A joint program is similar to a joint project, but more expansive. There may be multiple organizations contributing to the partnership, and completing the shared goal may involve accomplishing multiple projects over the course of several years. Partners may join or drop out of the partnership as necessary. However, to keep the program afloat, typically one organization commits to championing the program from start to finish.
Real Life Example: In the early 2000s, the Mayor’s Alliance for NYC Animals, city government, and Petco came together to advocate for abandoned and homeless dogs and cats. The partnership resulted in a dramatic drop in the animal euthanization rate across New York City. To date, the coordinated and enhanced rescue efforts of the Mayor’s Alliance have saved the lives of more than 350,000 dogs and cats.
In a multi-stakeholder initiative, multiple organizations across different sectors team up to solve a common problem that spans the globe. Partners expect to invest a significant amount of time, resources, and funding toward solving the problem. Though each organization is already working toward a solution on their own, this pooling of resources and funds makes a much greater impact. A dedicated administrative role is required to keep all efforts coordinated.
Real Life Example: The Global Alliance for Vaccines and Immunisation brings together the efforts of multiple local businesses, manufacturers, governments, donors, and organizations in an effort to vaccinate the world’s children against infectious diseases.
In a collective impact collaboration, multiple organizations across different sectors are already working independently to solve an incredibly complex problem. To produce a deep, systematic change, these organizations share resources and coordinate efforts. There is no centralized administration holding the partnership together, and individual organizations may continue to operate independently. Some coordination is needed to amplify overall impact.
Real Life Example: StriveTogether is a collective impact initiative out of Cincinnati that brought together more than 300 leaders of local organizations – foundation heads, city government officials, school district representatives, university presidents, and nonprofit directors – to tackle the student education crisis in Cincinnati and the greater Kentucky area. In just four years, the group was largely successful where many had not been, and demonstrated success in key areas across multiple school districts.
How To Approach A Cross-Sector Organization With A Partnership Proposal
Are you ready to collaborate? The process of finding the right partner(s) for your nonprofit starts by simply searching the small- to medium-sized organizations in your area for ones that have values and goals that align with yours. A basic company description on LinkedIn may be all you need to move forward. You can also learn a lot about a company’s values through their social media presence (if they have one), so check their pages on Facebook, Instagram, Twitter, or whatever is available.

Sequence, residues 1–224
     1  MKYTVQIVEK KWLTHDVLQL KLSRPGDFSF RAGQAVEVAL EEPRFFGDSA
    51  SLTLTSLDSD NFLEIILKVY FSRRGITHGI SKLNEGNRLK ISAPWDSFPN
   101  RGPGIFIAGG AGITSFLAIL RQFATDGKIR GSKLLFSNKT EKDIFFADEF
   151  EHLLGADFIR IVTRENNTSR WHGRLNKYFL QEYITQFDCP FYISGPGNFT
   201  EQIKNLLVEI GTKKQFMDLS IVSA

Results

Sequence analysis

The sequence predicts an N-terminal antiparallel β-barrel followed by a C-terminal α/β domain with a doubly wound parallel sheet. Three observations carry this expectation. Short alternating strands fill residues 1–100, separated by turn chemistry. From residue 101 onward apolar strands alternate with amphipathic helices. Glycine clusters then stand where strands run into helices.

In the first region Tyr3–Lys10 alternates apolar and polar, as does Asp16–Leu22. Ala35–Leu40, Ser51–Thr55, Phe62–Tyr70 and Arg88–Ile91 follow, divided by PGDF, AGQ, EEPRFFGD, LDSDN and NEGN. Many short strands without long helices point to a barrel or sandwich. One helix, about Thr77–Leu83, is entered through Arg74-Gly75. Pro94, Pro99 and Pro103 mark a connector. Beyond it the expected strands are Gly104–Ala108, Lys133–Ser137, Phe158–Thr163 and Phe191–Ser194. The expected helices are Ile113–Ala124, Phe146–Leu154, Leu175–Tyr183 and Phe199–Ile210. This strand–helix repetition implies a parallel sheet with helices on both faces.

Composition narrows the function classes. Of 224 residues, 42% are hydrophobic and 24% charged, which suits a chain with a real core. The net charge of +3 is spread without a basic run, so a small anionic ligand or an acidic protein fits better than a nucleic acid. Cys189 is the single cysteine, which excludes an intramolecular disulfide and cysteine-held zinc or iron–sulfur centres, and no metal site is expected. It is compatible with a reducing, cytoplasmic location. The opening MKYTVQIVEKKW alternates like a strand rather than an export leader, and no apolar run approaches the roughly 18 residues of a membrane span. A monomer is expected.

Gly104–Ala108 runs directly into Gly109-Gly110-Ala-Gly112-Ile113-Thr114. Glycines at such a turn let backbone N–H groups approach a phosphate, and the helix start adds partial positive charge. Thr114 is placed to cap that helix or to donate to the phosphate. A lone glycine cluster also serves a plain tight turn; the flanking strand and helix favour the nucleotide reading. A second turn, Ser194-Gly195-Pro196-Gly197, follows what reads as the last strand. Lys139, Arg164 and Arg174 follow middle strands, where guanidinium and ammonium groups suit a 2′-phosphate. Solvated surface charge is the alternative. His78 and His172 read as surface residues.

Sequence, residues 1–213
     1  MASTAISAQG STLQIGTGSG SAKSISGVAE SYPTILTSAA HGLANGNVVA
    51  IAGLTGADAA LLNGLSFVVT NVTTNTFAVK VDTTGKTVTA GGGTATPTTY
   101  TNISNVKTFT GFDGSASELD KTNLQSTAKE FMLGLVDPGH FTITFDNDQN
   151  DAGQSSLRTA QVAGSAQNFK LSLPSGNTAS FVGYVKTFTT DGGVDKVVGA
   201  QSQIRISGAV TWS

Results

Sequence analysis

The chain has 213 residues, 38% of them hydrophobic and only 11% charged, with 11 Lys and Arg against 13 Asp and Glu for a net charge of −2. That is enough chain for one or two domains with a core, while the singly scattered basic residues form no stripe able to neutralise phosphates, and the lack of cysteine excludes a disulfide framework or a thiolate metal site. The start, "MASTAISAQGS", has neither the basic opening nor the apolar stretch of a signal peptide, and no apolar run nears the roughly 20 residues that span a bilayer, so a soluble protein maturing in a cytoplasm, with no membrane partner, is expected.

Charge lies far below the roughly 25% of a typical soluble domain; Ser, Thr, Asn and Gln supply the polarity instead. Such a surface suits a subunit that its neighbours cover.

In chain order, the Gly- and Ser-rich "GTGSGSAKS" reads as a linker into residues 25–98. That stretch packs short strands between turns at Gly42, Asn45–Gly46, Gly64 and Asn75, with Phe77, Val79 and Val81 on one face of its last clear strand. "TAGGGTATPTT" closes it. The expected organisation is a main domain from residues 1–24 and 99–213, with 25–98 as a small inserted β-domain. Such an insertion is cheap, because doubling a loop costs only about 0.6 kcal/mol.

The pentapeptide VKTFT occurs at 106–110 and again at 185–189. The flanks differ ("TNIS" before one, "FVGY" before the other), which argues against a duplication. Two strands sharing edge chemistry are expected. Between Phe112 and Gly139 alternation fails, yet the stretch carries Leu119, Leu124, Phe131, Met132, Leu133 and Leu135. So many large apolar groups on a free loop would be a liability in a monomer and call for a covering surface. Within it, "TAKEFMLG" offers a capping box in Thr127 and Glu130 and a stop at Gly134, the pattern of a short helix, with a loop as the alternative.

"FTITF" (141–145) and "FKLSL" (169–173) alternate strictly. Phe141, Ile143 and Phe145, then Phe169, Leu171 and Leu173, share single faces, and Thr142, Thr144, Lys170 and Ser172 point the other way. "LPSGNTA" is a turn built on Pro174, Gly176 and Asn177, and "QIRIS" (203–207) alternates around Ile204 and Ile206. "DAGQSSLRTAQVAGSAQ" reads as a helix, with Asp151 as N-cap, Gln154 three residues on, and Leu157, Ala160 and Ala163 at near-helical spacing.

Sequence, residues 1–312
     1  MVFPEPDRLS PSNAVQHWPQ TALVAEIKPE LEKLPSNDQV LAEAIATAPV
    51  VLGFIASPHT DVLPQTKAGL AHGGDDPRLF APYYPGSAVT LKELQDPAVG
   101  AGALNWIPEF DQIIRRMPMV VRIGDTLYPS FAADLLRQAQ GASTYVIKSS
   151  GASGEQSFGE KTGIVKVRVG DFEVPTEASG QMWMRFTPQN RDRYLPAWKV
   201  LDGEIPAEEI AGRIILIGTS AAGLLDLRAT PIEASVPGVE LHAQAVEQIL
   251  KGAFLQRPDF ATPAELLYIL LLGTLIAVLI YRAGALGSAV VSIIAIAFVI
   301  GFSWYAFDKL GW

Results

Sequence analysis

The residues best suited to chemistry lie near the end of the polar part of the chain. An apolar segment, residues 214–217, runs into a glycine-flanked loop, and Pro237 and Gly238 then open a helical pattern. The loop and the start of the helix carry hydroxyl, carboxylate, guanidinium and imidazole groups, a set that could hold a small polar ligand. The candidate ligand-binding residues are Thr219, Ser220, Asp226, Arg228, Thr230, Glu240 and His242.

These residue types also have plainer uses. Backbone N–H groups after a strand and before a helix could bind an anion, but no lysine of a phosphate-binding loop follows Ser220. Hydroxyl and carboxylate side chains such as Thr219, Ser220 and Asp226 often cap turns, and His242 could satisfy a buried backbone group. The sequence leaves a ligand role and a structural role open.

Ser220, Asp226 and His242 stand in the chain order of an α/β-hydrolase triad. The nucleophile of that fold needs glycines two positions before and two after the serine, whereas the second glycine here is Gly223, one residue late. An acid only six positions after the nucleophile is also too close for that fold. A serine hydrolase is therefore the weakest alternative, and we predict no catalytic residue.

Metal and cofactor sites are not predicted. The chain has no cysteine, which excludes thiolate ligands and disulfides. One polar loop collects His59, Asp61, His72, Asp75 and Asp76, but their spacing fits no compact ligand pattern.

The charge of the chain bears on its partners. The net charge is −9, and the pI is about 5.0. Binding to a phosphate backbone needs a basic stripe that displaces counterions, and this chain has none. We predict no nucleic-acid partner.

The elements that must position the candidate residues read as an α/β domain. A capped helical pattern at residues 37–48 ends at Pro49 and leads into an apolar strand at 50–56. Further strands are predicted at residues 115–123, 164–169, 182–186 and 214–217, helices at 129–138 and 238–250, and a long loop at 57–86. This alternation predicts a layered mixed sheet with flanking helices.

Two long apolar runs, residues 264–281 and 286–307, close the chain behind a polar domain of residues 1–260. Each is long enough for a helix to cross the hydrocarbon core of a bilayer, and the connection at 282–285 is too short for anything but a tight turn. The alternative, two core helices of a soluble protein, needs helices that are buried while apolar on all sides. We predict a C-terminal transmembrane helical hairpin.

Remember: include technology and media companies in your search as well. They may not have direct ties to the challenges you’re facing, but they may be suited to provide innovative solutions.
Once it’s time to reach out to potential partners, make a plan for engagement. When reaching out to a potential partner, it’s important to:
Find The Right Contact Person
Do the necessary legwork required to find the right person at the company to bring a partnership proposal to. Avoid sending a message to a generic email address if possible.
Where has your nonprofit been, and where do you hope to go? What is your mission statement? Find specific points of connection with each organization you reach out to and explain how your goals may align with theirs.
A mission statement on a LinkedIn page may differ greatly from how the company actually operates. Where have they invested in the community previously? What goals do they have for the future? Be curious about your potential partner, and listen more than you talk. These initial conversations are exploratory. Your sense of how to partner and what you can achieve together will evolve as you go along.
Communicate Your Nonprofit’s Value
When you reach out to a cross-sector organization, it’s crucial that you know the value your nonprofit brings to the table. Even if you’re a small nonprofit, you have a lot to offer a for-profit organization through your partnership.
In today’s world, cross-sector collaboration is becoming increasingly necessary to produce real, systemic change. Nonprofits may be used to going it alone, but they certainly don’t have to – and probably shouldn’t. There is so much to be gained by collaboration. It won’t be easy, and change won’t happen overnight – but if you can do your due diligence and find the right partners, you can help your nonprofit accomplish so much more in your community and across the world.
By Emily Baxley